Sam Harrelson



Sam Harrelson

Do Facebook Ads Really Work?

Within the advertising industry, the debate about whether advertising works on Facebook is not new. A survey last year showed over 60 percent of small business owners felt advertising on Facebook was ineffective. The lawsuit takes it a step further, saying Facebook is misleading advertisers.

Source: Does Facebook Really Work? People Question Effectiveness Of Ads : NPR

Like anything else, you do need some expertise to make Facebook or Instagram or Snap or Google or Pinterest ads work. We are finishing a period where these advertising companies have held that “ANYONE CAN DO IT! IT’S SO EASY! JUST SIGN UP AND TELL US WHO YOU WANT TO TARGET!” with regards to their ads and effectiveness.

But that’s simply not true. I could probably re-roof our home. But I’m not going to spend the time, effort, and money trying to do that job myself. I’m going to hire someone who knows what they are doing.

Same with social media advertising and marketing. That’s how I pay our mortgage (and for our new roof) every month!




2018 Social Media Marketing Industry Report by Social Media Examiner

“Nearly all marketers (83%+) who’ve been employing social media marketing for 1 year or longer report it generates exposure for their businesses.”

I’m skeptical of these sorts of reports generally, but SME does a good job of presenting digestible data. There are certainly some good takeaways here for businesses of all sizes, nonprofits, and churches looking to do more with their social media profiles.

The PDF download is free.

In our tenth-annual social media study, more than 5,700 marketers reveal where they’ll focus their social media efforts.

Source: 2018 Social Media Marketing Industry Report : Social Media Examiner




Your logo and Instagram content

Good advice to consider here, particularly for nonprofits and churches on slimmer marketing budgets looking to make the most impact possible on social media…

What about content that doesn’t show a clear logo? What about companies with unbranded or non-logoed products? We’ve seen that a huge percentage of the content shared and posted on Pinterest is logo-free. It’s important to go beyond the logo to get the whole story of an image—how brand content is shared over time, who has shared that content and who has influence in getting it shared

via Brands Must Look Beyond the Logo to See the Big Picture – Adweek




Pinterest Suggestions from Sony

Interestingly enough, Sony has been a great study for how businesses (large and small) can leverage Pinterest to drive traffic and revenue back to a site.

Sony has done a great job of not just community evangelization and using Pinterest as a place to engage current and potential customers, but they have also successfully cross promoted their own account there with promotional emails to existing newsletter subscribers.

The one thing many companies, especially in the performance marketing industry, look over when creating social media campaigns is the need to promote accounts via something like an existing newsletter subscriber base. By combining those two, there’s a great potential left on the table for many companies…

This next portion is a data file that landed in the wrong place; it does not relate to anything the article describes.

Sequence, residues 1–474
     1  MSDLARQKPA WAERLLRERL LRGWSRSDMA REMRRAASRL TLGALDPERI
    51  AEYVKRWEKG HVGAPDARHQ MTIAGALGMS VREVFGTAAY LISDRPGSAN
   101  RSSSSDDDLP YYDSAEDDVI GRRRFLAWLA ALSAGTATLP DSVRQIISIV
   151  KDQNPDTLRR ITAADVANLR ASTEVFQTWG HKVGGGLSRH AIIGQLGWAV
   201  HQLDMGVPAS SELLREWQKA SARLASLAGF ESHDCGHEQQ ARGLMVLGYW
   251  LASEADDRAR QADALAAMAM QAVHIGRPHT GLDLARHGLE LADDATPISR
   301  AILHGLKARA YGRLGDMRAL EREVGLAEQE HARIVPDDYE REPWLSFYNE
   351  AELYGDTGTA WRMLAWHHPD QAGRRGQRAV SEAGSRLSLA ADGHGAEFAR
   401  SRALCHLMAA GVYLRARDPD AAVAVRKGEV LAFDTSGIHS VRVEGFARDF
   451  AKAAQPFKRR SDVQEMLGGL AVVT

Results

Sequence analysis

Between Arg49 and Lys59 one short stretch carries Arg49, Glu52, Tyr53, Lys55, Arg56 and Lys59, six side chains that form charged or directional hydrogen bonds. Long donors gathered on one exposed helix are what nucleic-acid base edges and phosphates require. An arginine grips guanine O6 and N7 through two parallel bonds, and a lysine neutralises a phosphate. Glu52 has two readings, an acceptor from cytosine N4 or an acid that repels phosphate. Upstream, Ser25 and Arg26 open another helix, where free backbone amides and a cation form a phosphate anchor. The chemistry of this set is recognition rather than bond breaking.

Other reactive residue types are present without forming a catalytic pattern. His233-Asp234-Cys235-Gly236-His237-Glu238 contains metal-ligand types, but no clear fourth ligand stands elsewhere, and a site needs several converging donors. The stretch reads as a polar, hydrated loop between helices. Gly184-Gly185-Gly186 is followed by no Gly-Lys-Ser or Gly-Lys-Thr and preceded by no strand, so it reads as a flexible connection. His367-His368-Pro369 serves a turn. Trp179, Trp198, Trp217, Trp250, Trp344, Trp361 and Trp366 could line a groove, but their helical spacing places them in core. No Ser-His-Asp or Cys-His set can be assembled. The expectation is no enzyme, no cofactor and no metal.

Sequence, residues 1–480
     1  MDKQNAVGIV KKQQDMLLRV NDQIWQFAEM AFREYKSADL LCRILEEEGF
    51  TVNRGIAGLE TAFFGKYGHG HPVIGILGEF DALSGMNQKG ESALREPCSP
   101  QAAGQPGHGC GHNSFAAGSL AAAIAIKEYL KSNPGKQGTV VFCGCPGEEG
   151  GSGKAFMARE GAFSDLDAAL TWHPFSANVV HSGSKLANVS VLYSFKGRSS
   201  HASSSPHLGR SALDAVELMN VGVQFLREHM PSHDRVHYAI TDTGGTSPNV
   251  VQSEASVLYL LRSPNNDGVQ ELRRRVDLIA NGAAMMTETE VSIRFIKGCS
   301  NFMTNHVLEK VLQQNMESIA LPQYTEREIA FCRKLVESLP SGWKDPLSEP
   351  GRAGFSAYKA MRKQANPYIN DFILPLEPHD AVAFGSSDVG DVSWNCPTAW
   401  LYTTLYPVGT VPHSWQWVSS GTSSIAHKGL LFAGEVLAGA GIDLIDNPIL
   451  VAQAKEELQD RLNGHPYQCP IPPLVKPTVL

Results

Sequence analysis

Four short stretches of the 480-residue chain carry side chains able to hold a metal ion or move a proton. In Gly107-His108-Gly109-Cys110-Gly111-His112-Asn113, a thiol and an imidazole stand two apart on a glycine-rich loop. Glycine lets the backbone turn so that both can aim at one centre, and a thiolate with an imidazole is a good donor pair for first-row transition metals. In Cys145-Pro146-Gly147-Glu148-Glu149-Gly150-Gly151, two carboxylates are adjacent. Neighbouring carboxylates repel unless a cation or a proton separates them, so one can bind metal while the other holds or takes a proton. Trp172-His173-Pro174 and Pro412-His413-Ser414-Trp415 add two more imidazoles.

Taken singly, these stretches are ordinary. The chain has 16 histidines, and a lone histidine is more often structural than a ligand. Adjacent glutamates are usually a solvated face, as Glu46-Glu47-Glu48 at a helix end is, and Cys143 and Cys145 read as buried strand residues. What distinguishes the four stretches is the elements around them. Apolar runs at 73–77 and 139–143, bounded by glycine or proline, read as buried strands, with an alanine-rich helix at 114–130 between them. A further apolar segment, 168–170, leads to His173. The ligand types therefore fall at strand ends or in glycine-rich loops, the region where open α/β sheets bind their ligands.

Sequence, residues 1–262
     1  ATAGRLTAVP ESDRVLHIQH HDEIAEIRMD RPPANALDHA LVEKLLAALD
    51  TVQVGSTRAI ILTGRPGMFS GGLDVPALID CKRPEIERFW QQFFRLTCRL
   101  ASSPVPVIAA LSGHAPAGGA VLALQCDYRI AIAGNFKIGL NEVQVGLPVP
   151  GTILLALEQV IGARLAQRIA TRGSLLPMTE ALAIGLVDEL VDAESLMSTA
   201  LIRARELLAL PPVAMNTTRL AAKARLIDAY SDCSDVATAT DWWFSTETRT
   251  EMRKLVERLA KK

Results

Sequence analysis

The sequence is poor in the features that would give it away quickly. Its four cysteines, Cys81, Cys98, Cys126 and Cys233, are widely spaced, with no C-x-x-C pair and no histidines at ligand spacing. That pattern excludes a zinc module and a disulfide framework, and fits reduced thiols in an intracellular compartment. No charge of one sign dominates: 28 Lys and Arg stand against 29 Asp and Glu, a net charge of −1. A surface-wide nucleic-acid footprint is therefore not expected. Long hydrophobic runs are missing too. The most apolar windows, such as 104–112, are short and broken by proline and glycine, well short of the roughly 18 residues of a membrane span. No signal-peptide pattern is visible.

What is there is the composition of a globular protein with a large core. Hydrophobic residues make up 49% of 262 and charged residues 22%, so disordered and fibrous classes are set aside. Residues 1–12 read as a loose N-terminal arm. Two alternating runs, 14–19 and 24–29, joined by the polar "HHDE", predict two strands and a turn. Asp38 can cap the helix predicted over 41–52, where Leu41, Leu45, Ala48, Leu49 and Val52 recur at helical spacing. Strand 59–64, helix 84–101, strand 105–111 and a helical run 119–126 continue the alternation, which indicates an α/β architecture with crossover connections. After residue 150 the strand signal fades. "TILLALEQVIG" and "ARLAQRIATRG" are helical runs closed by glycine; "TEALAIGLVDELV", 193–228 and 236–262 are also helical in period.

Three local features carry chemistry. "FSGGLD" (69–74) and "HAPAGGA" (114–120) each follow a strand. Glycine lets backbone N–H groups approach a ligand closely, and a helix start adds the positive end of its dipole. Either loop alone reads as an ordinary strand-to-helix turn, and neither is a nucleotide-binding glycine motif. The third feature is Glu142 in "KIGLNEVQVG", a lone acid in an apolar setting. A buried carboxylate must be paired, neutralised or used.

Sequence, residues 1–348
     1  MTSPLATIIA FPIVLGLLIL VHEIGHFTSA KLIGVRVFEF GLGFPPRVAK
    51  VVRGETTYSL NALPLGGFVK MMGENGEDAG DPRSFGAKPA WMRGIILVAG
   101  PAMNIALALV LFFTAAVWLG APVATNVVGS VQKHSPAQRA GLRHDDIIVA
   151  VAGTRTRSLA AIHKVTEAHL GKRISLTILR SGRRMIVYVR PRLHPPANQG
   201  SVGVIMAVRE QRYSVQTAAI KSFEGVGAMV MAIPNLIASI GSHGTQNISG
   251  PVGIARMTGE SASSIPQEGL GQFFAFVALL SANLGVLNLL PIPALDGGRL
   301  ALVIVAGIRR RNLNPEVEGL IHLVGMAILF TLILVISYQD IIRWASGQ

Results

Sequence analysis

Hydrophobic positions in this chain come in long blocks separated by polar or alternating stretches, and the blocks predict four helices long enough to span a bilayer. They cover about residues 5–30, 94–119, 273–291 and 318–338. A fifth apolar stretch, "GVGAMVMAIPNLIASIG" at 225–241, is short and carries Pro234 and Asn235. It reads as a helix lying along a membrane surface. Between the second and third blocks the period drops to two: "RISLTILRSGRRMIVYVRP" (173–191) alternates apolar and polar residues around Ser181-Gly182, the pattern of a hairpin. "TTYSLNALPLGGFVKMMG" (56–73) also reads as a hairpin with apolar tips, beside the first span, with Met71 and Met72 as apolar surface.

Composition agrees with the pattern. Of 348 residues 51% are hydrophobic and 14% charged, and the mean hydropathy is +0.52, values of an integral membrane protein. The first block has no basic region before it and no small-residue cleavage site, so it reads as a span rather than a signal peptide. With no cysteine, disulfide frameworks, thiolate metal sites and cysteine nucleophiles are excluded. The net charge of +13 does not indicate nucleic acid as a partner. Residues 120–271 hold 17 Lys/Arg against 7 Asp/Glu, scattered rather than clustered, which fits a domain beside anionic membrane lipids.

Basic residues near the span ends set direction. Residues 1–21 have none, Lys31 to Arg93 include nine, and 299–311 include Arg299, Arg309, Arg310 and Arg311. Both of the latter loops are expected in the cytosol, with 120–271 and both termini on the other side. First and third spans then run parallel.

Pinterest Suggestions from Sony

1. Send a dedicated Pinterest email to showcase your boards and encourage following

2. Add the Pin It button next to product shots in emails to get people pinning

3. Create unique boards that appeal to different groups of people

via Sony: Making email more interesting with Pinterest | Pinterest for Business.




Twitter Learns from Pinterest

While tools like Storify have been doing something similar to this, Twitter’s newly unveiled custom timelines feature could be incredibly popular (and valuable for your business):

Starting today, we are introducing the ability to create custom timelines in TweetDeck. Custom timelines, which were just announced, are a new type of timeline that you control by selecting the Tweets you want to include.

via Twitter Announces Custom Timelines For Hashtags Or Topics On Tweetdeck, Launching API Too.

For instance, here’s a quick curated timeline I just put together:

!function(d,s,id){var js,fjs=d.getElementsByTagName(s)[0],p=/^http:/.test(d.location)?’http’:’https’;if(!d.getElementById(id)){js=d.createElement(s);js.id=id;js.src=p+”://platform.twitter.com/widgets.js”;fjs.parentNode.insertBefore(js,fjs);}}(document,”script”,”twitter-wjs”);

Why are these important and not just another random Twitter feature that only a few power users will use?

Think of this as the ability to “pin” Tweets into curated lists as you would do with images around certain topics on Pinterest. While you can do something like that by favoriting tweets (something I love to do), being able to assemble tweets in a non-timed based manner and more focused on certain hashtags or topics is exactly what Twitter needed to compete with other social services.

It looks like Twitter learned a great deal from Pinterest here and this is going to be popular with live sports events and reality shows like The Voice (pictured above). Your business could benefit.




Pinterest Gets Analytics

Pinterest has announced their iteration of web analytics for bloggers, businesses and groups with a verified website in the profile of the popular sharing service:

Introducing Pinterest Web Analytics – Pinterest Blog: “Bloggers, businesses, and organizations often ask us, “what are people pinning from my websites?” These website owners help create the content on Pinterest and we wanted to help them understand which pieces of content people find most interesting. Today, we’re pleased to announce Pinterest Web Analytics, a first step towards doing just that. Web Analytics gives site owners insights into how people are interacting with pins that originate from their websites.”

Getting your website verified by Pinterest is a pretty painless and straightforward process involving dropping some code into the header of your site.

Most interesting is the ability to see stats on not just your pins but also repins as well as impressions and clicks. This should make many of the marketers and businesses that have been eyeing Pinterest but not sold on the platform because lack of analytics happy.